Primer about the Query Store and Availability Groups
Since readable secondary replicas are read-only, the query store on those secondary replicas are also read-only. This means runtime statistics for queries executed on those replicas are not recorded into the query store. All the stats there are from the primary replica. However, I wasn’t sure what would happen if I forced a plan on the primary—would the secondary replica honor that plan?
Let’s Find Out
The first thing I did was to query the query store catalog views to verify that the plan was forced.
I have to copies of the forced plan. If I run an estimated query plan on the primary, I see that plan is forced. You can see this by looked for UsePlan in the XML of the plan.
I did the same thing on the secondary (in the case of the secondary, we are looking at the actual plan, but it doesn’t matter).
You will note that there is no UsePlan. There are extended events and a catalog view that reflect plan forcing failure (Grant Fritchey wrote about this behavior here), While, I wouldn’t expect the catalog view to get updated, I was hoping that the Extended Event might fire. It did not.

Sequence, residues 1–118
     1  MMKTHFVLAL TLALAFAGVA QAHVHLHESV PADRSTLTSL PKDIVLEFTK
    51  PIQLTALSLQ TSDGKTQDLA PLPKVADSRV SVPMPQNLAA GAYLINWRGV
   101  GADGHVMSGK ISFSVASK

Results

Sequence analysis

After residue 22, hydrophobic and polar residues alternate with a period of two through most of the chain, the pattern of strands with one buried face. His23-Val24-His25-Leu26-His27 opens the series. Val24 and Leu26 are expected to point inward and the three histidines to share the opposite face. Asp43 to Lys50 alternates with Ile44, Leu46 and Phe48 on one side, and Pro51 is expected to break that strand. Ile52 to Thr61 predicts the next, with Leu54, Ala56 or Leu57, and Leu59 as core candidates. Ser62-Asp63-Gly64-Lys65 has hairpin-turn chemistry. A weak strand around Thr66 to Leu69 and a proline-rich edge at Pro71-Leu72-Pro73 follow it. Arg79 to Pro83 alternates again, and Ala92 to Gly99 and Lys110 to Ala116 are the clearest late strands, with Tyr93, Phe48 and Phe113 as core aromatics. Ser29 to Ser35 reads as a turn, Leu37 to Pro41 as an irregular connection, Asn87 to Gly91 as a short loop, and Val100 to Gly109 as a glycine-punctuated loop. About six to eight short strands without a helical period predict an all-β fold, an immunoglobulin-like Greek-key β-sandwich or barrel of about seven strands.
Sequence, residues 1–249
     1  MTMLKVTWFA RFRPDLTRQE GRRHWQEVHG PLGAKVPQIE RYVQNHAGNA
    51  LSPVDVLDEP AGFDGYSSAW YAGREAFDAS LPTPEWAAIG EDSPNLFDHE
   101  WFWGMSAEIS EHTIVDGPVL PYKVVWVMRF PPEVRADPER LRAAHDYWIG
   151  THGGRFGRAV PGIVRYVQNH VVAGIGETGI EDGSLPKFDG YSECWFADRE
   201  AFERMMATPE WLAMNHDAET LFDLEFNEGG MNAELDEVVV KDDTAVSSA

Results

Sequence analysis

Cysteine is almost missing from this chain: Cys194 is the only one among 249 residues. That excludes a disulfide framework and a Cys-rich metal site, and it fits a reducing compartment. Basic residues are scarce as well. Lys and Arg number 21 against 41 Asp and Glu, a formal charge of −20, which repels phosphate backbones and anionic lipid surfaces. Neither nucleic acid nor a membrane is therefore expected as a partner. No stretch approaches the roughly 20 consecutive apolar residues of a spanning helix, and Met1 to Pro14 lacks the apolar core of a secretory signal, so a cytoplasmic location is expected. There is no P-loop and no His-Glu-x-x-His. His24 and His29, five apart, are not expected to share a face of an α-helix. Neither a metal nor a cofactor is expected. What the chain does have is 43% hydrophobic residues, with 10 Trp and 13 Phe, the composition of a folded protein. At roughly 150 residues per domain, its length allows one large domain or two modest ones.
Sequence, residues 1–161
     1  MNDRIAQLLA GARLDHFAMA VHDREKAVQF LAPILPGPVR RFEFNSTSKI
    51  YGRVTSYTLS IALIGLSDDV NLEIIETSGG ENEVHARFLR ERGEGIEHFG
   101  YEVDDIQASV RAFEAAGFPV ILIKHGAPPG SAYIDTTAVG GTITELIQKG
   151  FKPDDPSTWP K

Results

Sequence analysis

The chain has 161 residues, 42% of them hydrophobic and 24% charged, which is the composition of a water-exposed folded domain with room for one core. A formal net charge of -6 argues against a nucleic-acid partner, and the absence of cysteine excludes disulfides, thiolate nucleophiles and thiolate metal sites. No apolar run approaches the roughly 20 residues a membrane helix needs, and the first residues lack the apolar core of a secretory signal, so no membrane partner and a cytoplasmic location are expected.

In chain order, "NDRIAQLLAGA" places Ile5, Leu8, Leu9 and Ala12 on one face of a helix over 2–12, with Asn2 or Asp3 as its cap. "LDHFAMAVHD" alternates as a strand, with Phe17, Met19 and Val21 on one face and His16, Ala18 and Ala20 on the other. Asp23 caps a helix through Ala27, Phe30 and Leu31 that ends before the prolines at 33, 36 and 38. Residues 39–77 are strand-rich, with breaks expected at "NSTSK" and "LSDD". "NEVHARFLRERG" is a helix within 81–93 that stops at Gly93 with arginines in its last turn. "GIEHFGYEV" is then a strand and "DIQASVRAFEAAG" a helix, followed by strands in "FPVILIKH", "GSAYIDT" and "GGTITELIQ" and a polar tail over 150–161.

The query store, as awesome as it is, doesn’t really do much for you on readable secondary replica. It does not force plans, nor does it record any of your data.
Thanks to Grant Fritchey and Erin Stellato for helping with this post!
I was working with a client this week and we encountered very long wait types on “insert as select” queries that were part of their data delivery process. This wait type isn’t documented very well, SQL Skills has it documented here and mentions this:
“Typically these waits occur when queries involve columnstore indexes, but they can also occur without columnstore indexes being involved if a hash operator runs in batch mode.”
Nacho from Microsoft also has a blog post on it here. My theory was that a bad hash join was taking place and causing the wait.
Isolating the Plan
The thing that was very curious about the situation is that waits were only occurring on the readable secondary replica. At first, I tried to examine the query store to try to understand if there were multiple execution plans for a given query. The one problem with that is the readable secondary copy of the data is read-only, which means on that secondary replica you only see the query store data from the primary replica. If there was a plan that was specific to the secondary, I’d have gather them from the plan cache on the secondary. (Thanks to Erin Stellato (b|t) for this idea). There was one other problem—the code in question was executing as dynamic SQL from a stored procedure when meant it was always getting a new execution plan.